MLB.com Twins beat reporter Kelly Thesier, who recently got an inside tour of the construction taking place at the new Target Field, shares a firsthand account of what she saw. For people like me who drive down Interstate 394 heading into downtown Minneapolis on a fairly regular basis, the construction of Target Field has unfolded before our very eyes. I've watched a former parking lot slowly transform into what is now beginning to look like a ballpark. Nearly a year and a half has gone by since the Twins began clearing the site for construction, and after watching much of the progress from afar or in pictures, I got my first official tour of Target Field on Tuesday.
Twins executive director of public affairs Kevin Smith took a total of seven media members on the tour of the construction site. It began with us entering through the loading dock area of the ballpark. We then walked through what will be the Twins' clubhouse before stepping out onto the field. Once I got inside and stood on the ground where the playing surface will eventually be, I was astounded by the massive project that was in front of me. Three separate cranes are currently on the site, with 400-450 construction workers taking part in the project every day. And even that number will rise to 850 by this summer. The concrete work for the new ballpark is nearly complete. After pouring the first of the concrete in January, the last sections of concrete are expected to be finished in mid-November. So with the shell of the ballpark mostly in place, our tour group was able to visit three of the four levels. It allowed us to get some views of what the playing field -- and downtown Minneapolis -- will look like from the different areas of the park. Perhaps the most stunning view came from the terrace level on the third-base side, where you look right at the downtown skyline. While there was a lot to take in on the nearly hour-and-a-half tour, here are some things that stood out to me: The steel beams for the terrace-level (upper-deck) seating and roof canopy have just started to be put into place. It's the beginning of the next big phase, which will be the installation of the seats. The first seats should be installed around the first of the year. Even with all of the construction materials scattered throughout the main concourse, the space still didn't feel crowded at all. The concourses will be much larger than those in the Metrodome and should provide fans with a much more comfortable experience. During the tour, we could hear the sound of a train running underneath one side of the ballpark. It will be a common part of the experience for fans, as a total of 14-16 trains per day will run by Target Field. Due to the location of the ballpark, nestled in between bridges and a highway, the construction has to take place from the inside out. That means all of the limestone that is being installed on the outside of the park must be moved to its location by a crane inside Target Field. It was pretty impressive to watch as some of the materials were moved above us. The Twins are brainstorming ways to jazz up the parking ramp that runs alongside the plaza heading onto Sixth Street. Ideas include adding images of the players to the side of the ramp or finding other ways to give it a Twins feel. There has been some concern expressed about the size of the lot that the ballpark is being put on. But once inside Target Field, there is no feeling at all that it had to be squeezed in. It's an expansive area, and although it's early in the construction, it looks like it will be quite a place to see a ballgame. That gives you a little taste, but words can't exactly give the tour justice. So I've included a photo gallery of pictures taken recently of the construction. Hopefully this will give all of you a better feel for what is going on at Target Field.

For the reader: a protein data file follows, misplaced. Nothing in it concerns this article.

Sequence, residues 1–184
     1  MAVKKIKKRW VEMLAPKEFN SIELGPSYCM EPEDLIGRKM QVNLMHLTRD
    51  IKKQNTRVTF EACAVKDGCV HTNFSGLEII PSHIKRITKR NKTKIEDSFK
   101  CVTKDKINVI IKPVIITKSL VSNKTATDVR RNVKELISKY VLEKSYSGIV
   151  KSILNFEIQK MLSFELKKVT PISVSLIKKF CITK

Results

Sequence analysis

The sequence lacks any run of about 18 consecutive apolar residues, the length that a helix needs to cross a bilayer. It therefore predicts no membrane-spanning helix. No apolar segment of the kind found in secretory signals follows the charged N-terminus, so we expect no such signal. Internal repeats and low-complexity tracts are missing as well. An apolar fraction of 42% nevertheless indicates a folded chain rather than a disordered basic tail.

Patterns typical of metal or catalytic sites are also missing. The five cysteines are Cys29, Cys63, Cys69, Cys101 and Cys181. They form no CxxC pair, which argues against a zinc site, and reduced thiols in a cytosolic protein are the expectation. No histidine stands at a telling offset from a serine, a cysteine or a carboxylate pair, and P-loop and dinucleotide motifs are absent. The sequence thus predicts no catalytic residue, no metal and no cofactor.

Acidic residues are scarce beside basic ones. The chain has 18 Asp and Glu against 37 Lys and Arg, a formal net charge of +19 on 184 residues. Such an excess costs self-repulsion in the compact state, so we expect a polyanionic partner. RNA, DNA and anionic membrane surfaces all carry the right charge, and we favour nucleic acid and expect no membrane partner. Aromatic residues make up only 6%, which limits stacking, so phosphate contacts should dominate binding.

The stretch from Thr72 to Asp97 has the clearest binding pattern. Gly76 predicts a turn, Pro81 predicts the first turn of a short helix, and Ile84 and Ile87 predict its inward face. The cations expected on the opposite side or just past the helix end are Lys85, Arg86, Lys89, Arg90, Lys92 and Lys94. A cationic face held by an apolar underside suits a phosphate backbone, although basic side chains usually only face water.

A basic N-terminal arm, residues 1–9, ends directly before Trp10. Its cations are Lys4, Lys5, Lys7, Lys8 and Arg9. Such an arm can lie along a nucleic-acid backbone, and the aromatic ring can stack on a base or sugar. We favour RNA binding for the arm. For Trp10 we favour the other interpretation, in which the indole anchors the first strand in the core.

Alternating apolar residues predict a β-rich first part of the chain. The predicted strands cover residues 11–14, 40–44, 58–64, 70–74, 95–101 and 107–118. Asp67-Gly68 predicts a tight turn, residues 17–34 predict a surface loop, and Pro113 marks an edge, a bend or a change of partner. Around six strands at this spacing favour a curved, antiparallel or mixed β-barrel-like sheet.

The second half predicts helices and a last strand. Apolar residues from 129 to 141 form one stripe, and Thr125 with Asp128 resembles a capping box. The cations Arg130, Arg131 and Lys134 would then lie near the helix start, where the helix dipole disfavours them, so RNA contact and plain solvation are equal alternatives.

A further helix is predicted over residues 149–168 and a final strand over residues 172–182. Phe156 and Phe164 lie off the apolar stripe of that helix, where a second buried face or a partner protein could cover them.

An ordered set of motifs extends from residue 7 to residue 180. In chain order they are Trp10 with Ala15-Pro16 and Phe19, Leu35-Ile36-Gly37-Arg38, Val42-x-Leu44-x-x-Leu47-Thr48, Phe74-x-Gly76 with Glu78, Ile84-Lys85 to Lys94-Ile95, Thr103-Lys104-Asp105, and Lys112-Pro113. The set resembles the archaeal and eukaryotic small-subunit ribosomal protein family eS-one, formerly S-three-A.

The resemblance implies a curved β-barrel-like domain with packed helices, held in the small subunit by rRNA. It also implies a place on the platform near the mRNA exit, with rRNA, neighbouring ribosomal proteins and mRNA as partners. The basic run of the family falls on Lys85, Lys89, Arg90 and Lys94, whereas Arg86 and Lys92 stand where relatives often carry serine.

Kelly Thesier is a reporter for MLB.com. This story was not subject to the approval of Major League Baseball or its clubs.